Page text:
Press Clippings for the week ending
Saturday, 8 November 2008

A random selection of clippings
from newspapers and magazines

Alice Mangold performs at the
Beethoven Rooms, Harley Street,
London, Wednesday, 10 June 1863

Alice Mangold

Alice Mangold (Alice M. Diehl, 1844-1912),
English musician and novelist

(photo: Cundall, Downes & Co, London, 1863/64)

'The first of these performances took place last night in the Beethoven Rooms, Harley-street. The programme consisted largely of single vocal pieces sung by Mdlle. Elvira Behrens, Mdlle. Louise van Noorden, Miss Eleanora Wilkinson, Signor Severini, and Mr. F. D'Alquen. The selection, which was of a varied and pleasing character, was interspersed with some excellent instrumental performances - Herr Goffrie, one of our best violinists, contributing a brilliant solo by De Beriot, Herr Lidel a fantasia on the violoncello, and Herr Gollwick sustaining the pianoforte part in Schumann's quartett [sic]. One of the chief features of the concert, however, was the pianoforte playing of Miss Alice Mangold. This young lady, a pupil of Adolph Henselt, plays with a refinement and grace of style and finished execution that are rare in these days of hasty preparation and premature display. In Beethoven's charming pianoforte trio in B flat (the one with the variations on ''Pria che l'impegno'') Miss Mangold displayed a thorough appreciation of classical music, and an aptitude for concertante playing that is not always possessed by solo performers - while, in a study of Henselt's, and a Gavotte and Musette by Bach (the latter piece enthusiastically encored), Miss Mangold was equally admirable in the modern romantic bravura style and the close sequential formalism of the elder classic. Such thoroughly satisfactory playing as that of Miss Mangold denotes a high order of musical intelligence, and a careful and elaborate training, that should gain for this young lady a special place among pianists.'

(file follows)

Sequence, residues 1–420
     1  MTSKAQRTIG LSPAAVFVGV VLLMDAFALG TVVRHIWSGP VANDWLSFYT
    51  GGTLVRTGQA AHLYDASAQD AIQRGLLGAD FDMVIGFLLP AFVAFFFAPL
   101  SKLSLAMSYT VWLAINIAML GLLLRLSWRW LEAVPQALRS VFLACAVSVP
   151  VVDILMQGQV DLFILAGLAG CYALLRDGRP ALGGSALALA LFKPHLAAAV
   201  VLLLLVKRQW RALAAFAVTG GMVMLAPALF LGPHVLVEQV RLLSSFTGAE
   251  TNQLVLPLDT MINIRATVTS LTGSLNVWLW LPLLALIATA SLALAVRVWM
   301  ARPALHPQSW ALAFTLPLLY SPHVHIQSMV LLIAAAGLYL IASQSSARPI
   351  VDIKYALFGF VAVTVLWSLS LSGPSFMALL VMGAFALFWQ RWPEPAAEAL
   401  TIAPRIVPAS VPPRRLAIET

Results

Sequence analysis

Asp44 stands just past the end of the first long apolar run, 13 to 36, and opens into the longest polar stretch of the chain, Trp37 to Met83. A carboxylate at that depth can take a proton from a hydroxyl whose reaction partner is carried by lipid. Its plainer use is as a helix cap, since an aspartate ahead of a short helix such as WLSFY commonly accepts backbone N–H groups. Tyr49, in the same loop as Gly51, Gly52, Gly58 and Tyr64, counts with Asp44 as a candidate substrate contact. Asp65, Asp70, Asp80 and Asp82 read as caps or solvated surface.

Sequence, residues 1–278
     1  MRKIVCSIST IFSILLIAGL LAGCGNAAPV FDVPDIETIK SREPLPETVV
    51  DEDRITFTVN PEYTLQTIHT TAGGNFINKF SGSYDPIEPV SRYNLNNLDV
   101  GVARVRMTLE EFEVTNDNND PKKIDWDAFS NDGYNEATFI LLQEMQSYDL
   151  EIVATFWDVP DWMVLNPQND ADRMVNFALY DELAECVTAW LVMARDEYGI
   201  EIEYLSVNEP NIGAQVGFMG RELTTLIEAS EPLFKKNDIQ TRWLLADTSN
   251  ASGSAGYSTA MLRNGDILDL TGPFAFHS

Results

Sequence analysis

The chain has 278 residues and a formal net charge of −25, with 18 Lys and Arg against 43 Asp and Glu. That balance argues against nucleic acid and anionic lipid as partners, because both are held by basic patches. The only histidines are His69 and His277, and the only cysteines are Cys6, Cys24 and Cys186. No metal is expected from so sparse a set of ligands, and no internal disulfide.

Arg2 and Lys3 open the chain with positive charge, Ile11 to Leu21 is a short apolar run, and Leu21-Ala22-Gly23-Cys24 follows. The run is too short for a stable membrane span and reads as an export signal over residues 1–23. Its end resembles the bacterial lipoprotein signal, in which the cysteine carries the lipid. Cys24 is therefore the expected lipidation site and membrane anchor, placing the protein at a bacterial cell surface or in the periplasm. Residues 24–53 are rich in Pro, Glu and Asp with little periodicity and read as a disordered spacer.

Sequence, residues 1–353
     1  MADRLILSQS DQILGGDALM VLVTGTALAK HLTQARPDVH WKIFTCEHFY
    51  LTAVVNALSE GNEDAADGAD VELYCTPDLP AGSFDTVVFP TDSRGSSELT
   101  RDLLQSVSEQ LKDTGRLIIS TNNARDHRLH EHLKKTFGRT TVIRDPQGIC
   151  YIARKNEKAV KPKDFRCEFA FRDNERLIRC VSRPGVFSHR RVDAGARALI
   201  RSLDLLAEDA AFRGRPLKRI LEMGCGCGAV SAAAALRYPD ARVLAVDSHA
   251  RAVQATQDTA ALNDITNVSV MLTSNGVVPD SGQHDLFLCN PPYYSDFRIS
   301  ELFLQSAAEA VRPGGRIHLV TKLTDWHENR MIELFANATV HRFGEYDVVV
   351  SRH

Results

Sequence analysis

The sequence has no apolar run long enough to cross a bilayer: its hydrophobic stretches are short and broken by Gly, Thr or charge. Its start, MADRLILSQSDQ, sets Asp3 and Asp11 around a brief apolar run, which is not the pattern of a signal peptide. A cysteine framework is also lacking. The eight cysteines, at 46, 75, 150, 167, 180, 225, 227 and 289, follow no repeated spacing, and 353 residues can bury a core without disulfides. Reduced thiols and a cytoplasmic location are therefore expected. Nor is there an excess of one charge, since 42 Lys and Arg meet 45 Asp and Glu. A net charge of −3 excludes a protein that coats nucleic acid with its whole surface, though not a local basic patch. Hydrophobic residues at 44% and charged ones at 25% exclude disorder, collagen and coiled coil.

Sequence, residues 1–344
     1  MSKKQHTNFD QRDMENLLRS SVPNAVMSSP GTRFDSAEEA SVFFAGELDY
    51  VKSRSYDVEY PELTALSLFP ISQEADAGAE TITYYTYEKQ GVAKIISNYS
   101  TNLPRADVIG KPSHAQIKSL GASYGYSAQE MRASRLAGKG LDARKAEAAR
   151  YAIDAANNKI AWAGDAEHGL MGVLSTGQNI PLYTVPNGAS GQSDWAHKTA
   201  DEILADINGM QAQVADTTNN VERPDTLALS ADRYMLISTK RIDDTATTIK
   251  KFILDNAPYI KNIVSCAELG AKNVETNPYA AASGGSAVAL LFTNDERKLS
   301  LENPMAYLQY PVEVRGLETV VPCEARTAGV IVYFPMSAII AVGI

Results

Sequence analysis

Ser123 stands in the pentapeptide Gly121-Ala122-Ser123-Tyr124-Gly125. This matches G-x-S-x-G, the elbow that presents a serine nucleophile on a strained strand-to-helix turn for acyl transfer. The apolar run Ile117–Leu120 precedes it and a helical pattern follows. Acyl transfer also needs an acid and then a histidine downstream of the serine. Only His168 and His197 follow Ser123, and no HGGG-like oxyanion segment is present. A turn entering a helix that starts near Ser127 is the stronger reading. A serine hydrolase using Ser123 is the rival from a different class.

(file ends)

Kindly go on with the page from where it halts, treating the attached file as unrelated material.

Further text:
(The Daily News, London, Thursday, 11 June 1863, p. 2c)

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The Magic Flute
at the Theatre Royal, Edinburgh,
November 1874, with
Louise Singelli, Alwina Valleria,
Maria Risarelli, Mathilde Bauermeister,
Madame Demeric-Lablache, Zelia Trebelli-Bettini, et al

Maria Risarelli

Maria Risarelli

(photo: Elliott & Fry, London, early 1870s)